No statistically significant difference was observed between two groups (isolated PAO and PAO combined with FO) with regard to LCEA, Tonnis angle, and Reimers MP post-operatively. However, we identified higher NSA, FNA in patients underwent PAO combined with FO preoperatively. This indicated that PAO and PAO combined with FO achieved equal outcomes in correcting hip subluxation at least radiographically.

Complications and reoperations are relatively common in acetabuloplasty procedures for patient with CP [3, 21, 22, 32,33,34]. McNerney et al. reported an 8% incidence of AVN in their study [3], with an even higher incidence in patients with open triradiate cartilage (68.7%) [33]. They proposed that disruption of the blood supply to the femoral head by lengthening soft tissue in the groin, and excessive pressure on the femoral head might contribute to AVN. In addition, Reimers MP of over 65% is associated with a higher rate of postoperative AVN [32].

No AVN occurred in this study. The mean Reimers MP was 76.6% preoperatively and improved to 18.6% at the final follow-up. It seems that higher Reimers MP and larger operative corrections did not necessarily trigger AVN after PAO combined with or without FO. Moreover, PAO is performed from inside of the pelvis where there are no substantial blood vessels supplying the femoral head. In contrast, other acetabular surgeries are mostly performed at the outside of the pelvis with the majority of femoral and acetabular vessels [35]. The mean age at surgery was 16.2 years in this cohort, which was greater than that in the previous reports with combined osteotomies [3, 32,33,34]. Mean age at surgery was 8.82 years in the cohort of Phillips (AVN,27%) [32], 9 years in Koch’s (AVN,68.7%) [33], 7.4 years in Khalife’s (AVN,37%) [34]. This probably meant that the younger the patient, the more prone to AVN.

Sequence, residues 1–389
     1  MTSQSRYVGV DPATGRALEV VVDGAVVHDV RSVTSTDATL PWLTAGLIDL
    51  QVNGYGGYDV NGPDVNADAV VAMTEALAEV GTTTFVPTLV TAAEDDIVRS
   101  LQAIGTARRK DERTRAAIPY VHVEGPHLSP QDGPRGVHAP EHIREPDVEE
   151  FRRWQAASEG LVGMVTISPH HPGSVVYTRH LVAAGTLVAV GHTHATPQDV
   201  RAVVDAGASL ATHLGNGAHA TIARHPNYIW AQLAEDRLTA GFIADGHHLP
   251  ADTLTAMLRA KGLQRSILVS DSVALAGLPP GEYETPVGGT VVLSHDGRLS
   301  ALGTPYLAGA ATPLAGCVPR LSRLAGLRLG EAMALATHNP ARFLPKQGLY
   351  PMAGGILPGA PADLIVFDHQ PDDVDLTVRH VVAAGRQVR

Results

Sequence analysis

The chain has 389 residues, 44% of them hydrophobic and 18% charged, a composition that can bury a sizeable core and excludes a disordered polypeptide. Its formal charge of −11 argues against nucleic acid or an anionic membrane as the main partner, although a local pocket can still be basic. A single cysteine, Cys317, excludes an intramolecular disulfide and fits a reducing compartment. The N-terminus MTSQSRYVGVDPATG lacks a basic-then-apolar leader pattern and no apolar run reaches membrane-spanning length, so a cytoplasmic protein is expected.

Although significant improvement was obtained in LCEA and Reimers MP in these hips after surgery (Tables 6 and 7), LCEA did not reach 20 ̊ in 7 hips (30%). These hips should be categorized as resubluxation if the cutoff value for LCEA was set at < 20 ̊. However, only three hips (14%) can be categorized as resubluxation if the MP of < 30% was the cutoff value. Our results (mean pre-operative MP was 75.6%) are in accordance with previous reports that a preoperative migration percentage of > 50% was associated with poor results [36, 37]. We also found that the difference in the change of MP, LCEA and Tonnis angle from initial post-operative measures to the final follow-up was significant in the LCEA ≥20° group compared with the LCEA< 20° group (The p values were < 0.0001, 0.0053 and 0.0396, respectively.). There was no difference between the LCEA ≥20° group and the LCEA< 20° group in mean MP, LCEA and Tonnis angle before surgery. This means that there was some loss in acetabular fragment fixation. The poor bone quality would contribute to the fixation loss. Currently, we use 4 to 6 screws to reinforce the fixation of acetabular fragment in our daily clinical practice. Nevertheless, the acetabular plasticity observed in children after acetabuloplasty [16] would not happen in patient with closed triradiate cartilage, we believe that re-subluxation was also probably the result of suboptimal correction in this group of patients with a mean age of 16.2 years. Incomplete disconnection of the acetabular fragment and spastic muscles as well as soft bone may be the factors contributing to insufficient correction. (There was significant difference between the LCEA ≥20° group and the LCEA< 20° group in mean MP, LCEA and Tonnis angle at initial post-operation (p < 0.001, < 0.001, =0.038, respectively). The iliopsoas tendon was released for hip flexion contracture of > 20°. Now, we will perform release or pie-crusting once we feel that the iliopsoas is tight during PAO. Along with removing some bone from proximal pubis osteotomy end, these will facilitate elevating the teardrop without resistance from the tight iliopsoas. Then, a horizontal acetabular roof can be obtained. Of course, complete disconnection of acetabular fragment is the prerequisite. Applying botulinus toxin before surgery would probably be helpful for manipulating the acetabular fragment to a proper position and will certainly facilitate rehabilitation.